His greatest difficulty has been to tolerate his vulnerability and to expose it because it was never safe for him to be vulnerable as a child. He grew up with a raging, rigid, unaffectionate, and critical mother and a father who was collapsed, weak, and absent. Therefore, whenever he felt frightened, insecure, or out of control, he retreated into his own world.
He has used his considerable intelligence and persistence to excel in school and later to excel and become wealthy as a businessman. He decided very early that it was not safe to be open and that he needed to take care of himself. Intimate relating was not only a low priority; it was not even in his radar. In all his former relationships as well as his current one, as soon as he felt the slightest pressure or expectation, he would run away by losing himself in his work and justify in his withdrawal with the belief that all women are “bitches”.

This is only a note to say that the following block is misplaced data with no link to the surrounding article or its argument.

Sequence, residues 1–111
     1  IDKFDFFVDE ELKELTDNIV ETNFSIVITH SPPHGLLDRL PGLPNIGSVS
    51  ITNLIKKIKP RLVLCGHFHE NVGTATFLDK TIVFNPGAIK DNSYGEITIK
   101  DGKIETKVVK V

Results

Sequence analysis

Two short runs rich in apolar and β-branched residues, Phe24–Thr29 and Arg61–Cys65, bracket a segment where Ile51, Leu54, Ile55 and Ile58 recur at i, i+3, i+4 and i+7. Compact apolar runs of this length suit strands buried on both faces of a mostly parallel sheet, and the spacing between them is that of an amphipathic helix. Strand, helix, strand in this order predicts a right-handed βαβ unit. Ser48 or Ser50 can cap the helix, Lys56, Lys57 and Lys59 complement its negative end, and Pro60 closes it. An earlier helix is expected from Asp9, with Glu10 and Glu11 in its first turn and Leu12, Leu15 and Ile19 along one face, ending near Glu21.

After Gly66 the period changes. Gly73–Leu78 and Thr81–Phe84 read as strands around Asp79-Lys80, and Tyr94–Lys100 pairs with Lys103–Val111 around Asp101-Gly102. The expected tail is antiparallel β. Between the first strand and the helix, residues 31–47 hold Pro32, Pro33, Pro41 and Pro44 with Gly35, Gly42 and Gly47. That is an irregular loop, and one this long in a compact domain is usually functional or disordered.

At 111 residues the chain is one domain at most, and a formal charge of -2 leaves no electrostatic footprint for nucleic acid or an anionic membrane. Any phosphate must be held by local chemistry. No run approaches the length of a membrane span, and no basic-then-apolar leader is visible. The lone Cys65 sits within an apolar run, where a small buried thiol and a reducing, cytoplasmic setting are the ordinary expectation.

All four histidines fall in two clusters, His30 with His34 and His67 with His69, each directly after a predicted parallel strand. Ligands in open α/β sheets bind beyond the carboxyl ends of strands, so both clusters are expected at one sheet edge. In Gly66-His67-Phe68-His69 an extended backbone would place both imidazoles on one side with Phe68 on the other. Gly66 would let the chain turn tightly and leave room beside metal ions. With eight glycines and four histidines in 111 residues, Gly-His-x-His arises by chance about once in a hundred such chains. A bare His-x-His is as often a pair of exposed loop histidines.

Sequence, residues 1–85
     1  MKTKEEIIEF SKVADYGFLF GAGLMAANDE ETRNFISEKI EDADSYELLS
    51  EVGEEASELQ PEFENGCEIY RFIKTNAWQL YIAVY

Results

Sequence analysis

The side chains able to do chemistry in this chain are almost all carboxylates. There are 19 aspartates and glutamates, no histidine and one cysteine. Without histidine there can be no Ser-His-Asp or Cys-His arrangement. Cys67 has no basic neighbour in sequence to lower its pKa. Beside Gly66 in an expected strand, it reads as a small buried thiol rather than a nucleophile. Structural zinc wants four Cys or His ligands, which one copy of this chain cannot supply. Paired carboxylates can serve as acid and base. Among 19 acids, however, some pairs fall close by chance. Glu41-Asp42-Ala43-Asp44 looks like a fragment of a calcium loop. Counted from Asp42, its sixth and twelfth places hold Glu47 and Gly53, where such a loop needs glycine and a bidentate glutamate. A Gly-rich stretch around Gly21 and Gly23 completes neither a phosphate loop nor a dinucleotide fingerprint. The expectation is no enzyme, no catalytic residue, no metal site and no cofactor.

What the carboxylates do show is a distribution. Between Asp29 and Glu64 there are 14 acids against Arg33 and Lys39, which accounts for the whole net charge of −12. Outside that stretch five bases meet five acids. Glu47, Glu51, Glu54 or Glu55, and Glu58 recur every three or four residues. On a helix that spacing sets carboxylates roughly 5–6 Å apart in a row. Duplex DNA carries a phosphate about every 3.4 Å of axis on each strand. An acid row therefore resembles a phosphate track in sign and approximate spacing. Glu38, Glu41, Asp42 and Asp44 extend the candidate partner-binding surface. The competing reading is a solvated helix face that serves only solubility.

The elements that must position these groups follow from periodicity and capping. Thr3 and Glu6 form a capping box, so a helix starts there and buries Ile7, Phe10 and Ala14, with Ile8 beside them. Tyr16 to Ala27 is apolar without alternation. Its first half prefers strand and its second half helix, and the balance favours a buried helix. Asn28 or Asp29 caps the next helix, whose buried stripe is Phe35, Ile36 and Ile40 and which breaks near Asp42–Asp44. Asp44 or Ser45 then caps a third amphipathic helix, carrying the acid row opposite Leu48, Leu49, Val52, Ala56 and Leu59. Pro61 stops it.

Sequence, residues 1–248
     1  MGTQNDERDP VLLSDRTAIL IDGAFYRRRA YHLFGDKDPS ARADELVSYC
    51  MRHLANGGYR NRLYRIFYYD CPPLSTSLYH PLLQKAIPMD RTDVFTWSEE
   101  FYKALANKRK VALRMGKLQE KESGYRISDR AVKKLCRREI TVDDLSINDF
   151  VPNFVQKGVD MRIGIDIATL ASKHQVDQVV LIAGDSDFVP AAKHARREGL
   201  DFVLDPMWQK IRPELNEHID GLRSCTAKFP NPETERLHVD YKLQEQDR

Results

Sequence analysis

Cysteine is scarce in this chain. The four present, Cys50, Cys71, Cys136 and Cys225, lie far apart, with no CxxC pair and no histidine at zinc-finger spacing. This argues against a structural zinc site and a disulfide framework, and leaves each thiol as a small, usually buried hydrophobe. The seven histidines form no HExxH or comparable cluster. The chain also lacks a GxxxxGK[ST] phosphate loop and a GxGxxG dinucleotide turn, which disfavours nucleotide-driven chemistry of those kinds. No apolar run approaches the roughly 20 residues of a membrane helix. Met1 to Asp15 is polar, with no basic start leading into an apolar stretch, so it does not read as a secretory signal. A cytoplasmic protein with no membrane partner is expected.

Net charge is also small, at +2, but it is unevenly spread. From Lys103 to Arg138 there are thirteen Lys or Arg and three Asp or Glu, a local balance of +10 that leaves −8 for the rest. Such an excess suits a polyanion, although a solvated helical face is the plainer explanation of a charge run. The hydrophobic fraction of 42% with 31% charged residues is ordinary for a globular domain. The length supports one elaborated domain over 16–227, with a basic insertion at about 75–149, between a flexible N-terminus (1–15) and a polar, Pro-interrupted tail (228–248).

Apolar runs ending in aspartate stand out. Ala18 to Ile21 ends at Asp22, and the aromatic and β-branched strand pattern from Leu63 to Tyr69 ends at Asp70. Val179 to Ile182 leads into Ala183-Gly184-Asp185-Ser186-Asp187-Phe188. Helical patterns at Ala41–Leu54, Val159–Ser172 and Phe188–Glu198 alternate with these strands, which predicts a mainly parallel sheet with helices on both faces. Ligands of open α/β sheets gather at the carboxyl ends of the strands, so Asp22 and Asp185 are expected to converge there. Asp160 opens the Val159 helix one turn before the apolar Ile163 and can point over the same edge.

The beliefs that are driving Dominick’s behavior is that it is not safe to trust anyone especially women, that he must always be in control, and his value and meaning is based on his success in his work.
Alice and Dominick have something in common.
Their wounded child’s negative false identity and negative beliefs are running their lives.
The important question, then, is “how can we change this negative sense of self and develop more trust in ourselves, others, and life?”
To make this change, we need to understand what we call, “the wounded child state of consciousness.”
In the child state, we want to avoid discomfort, fear, or pain in any way possible.
The child has no interest or ability to contain, accept, or stay present to any kind of disturbance.
It wants harmony, comfort, and nourishment.
From that space, in the child state, we will control, manipulate, fight, compromise, rescue, become subservient, or withdraw whenever we feel threatened, insecure, or unloved.
In the state of wounded child consciousness, it is always the outside circumstances or the other person or people who are at fault and we will try to fight, fix, change, control, or go away to get rid of the problem.